A third IP-related conflict can also be the most complicated: Mishandling another company's intellectual property, or even violating their IP rights. For instance, in one case, the plaintiff claims a competitor is infringing on its intellectual property because the defendant company's products are based on ideas one of its executives developed while employed at the plaintiff company. The claim is therefore that the defendant is inappropriately using patents and trade secrets. The infringement claim itself has potential for causing material harm to the defendant company's business operations. In addition, when it came out in deposition testimony that the defendant's chief scientist stated that he and at least one other executive believed that the company was benefiting from another company's intellectual property, shareholders filed a class action lawsuit for violating federal securities laws. On the day that the defendant's executives' sworn statement regarding their intentional and willful infringement became public, the stock price fell 40%. This case is still pending.
The shareholders' case is based on the assertion that the executives knowingly violated another company's intellectual property rights, thereby putting the company in jeopardy of a lawsuit and a potential adverse decision. The expenses related to fighting litigation and paying a judgment or settlement, if material to the financial statements, must be disclosed to shareholders. In this case, the shareholders are claiming that committing an act that exposed the company to significant financial and operational risk also should be reported. The case could set a precedent for similar disputes in the future and should serve as a warning of further consequences of knowingly violating third-party intellectual property rights.
Once a company gets to the point of having a shareholder class action filed against it, trust in the executives, directors and officers has quite clearly been lost. The legislation passed with the Sarbanes-Oxley Act is intended to govern corporate officers' actions so that they can maintain that trust.
The transparency required under the new SEC rules can truly help corporate officers demonstrate their proper IP management to their shareholders and the public. The processes, however, can be stressful for those responsible. CEOs and CFOs must certify each quarter that the company's financial statements materially represent the operations of the company.
In order to so certify, those executives must rely on others to accurately report to them on material IP threats to the company. When it comes to intellectual property matters, the general counsel, and others, must have a mechanism to report up the ladder on the related risks and other matters involving IP.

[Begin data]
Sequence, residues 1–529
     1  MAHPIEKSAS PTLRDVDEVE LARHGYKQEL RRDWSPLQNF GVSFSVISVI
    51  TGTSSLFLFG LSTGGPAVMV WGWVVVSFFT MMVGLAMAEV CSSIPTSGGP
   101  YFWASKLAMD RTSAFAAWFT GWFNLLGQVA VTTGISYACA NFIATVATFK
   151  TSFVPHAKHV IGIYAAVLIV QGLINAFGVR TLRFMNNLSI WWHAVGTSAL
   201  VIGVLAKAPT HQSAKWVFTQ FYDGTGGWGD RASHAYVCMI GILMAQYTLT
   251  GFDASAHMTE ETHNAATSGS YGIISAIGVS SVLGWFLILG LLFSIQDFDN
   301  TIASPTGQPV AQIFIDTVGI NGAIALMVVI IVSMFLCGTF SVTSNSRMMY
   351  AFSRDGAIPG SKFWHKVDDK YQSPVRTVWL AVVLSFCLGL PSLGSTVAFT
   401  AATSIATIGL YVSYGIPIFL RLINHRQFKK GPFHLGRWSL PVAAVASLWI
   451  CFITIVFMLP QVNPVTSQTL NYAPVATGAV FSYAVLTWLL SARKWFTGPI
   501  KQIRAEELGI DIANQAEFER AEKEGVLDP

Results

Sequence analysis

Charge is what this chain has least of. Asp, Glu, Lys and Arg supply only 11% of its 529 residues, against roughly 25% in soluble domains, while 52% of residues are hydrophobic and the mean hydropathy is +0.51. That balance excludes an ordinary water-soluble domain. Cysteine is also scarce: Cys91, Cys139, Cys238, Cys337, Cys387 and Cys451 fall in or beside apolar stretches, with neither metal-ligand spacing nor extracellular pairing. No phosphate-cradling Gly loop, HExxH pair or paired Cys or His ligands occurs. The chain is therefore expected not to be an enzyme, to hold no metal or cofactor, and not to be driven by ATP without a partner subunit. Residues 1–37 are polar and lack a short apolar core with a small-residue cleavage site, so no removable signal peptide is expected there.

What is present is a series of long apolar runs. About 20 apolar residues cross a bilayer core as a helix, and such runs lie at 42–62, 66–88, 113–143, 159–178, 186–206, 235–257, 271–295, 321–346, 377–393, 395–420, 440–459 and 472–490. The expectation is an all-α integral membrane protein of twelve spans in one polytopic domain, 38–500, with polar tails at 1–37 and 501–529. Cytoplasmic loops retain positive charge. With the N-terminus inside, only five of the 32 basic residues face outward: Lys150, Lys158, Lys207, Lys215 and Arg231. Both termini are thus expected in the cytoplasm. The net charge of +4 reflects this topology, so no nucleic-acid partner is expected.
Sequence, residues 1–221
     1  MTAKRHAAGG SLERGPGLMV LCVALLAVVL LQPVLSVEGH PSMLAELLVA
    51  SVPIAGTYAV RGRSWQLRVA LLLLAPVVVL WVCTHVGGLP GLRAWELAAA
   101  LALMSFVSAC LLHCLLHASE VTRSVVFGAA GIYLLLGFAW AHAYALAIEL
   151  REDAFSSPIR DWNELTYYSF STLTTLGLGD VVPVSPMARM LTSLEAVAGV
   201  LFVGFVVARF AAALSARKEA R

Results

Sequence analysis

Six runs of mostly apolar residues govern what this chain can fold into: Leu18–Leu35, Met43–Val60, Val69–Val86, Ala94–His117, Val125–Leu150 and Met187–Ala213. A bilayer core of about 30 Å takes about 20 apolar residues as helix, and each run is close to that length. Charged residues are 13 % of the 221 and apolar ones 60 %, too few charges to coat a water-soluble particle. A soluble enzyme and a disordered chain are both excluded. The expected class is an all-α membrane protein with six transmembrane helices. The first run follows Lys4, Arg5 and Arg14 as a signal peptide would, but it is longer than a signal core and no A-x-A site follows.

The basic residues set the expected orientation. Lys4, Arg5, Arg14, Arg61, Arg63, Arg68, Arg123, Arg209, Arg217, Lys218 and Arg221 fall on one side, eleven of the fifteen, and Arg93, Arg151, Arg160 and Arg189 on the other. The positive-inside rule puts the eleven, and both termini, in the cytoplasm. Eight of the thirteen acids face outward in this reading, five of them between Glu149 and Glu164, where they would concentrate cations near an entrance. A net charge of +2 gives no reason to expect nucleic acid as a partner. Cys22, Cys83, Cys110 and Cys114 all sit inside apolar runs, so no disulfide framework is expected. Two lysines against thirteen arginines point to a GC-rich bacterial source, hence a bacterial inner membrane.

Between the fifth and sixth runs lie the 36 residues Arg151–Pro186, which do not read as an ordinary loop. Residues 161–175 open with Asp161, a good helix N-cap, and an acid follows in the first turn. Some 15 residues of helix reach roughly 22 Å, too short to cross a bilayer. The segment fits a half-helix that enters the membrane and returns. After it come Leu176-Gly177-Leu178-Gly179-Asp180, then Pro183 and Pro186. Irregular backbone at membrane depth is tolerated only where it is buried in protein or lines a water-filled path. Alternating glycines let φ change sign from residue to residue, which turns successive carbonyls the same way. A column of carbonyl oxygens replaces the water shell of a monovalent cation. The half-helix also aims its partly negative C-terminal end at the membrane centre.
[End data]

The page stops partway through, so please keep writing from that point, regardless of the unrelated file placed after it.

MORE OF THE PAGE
If the legal department is not able to assess and closely monitor the IP portfolio, monitor and respond to external IP threats or claims of infringement and then disclose material risks, the company's financial statements and quarterly certifications may be called into question from regulators and/or shareholders down the road.
By properly establishing processes for managing and measuring the value of their intellectual property, companies can take the first step to managing their portfolios and realizing their financial potential. Monitoring the use of intellectual assets by competitors and licensees is then the next step to protect the company's rights and its bottom line. Last, companies also need to build awareness within their organizations about how to appropriately handle the IP rights of their competitors and other third parties. Companies are increasingly at risk of mishandling confidential third-party information as industries converge and partnerships and joint ventures evolve.
These are not simple risks to mitigate. Public companies are realizing managing IP risk is crucial in today's business and regulatory environment. A lot of care and attention is needed in updating IP management processes, capabilities and reporting standards to help prevent regulatory inquiry and/or shareholder disputes. Executives with robust, updated IP management processes and reporting procedures can sleep a little easier with that risk being managed.
Published February 1, 2006.